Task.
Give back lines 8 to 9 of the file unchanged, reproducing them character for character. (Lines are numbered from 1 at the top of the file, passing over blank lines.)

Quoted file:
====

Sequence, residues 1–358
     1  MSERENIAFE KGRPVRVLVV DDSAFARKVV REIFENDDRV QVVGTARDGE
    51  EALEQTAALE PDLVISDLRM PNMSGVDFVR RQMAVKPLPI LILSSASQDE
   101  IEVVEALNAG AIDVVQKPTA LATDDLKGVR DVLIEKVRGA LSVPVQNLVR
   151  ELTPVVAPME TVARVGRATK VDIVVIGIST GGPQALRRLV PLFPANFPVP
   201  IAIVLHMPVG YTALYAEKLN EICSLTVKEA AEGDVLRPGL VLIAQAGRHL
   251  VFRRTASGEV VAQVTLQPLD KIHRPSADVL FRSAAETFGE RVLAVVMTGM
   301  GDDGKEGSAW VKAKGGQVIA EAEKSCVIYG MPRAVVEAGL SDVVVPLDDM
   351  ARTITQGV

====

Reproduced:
   301  GDDGKEGSAW VKAKGGQVIA EAEKSCVIYG MPRAVVEAGL SDVVVPLDDM
   351  ARTITQGV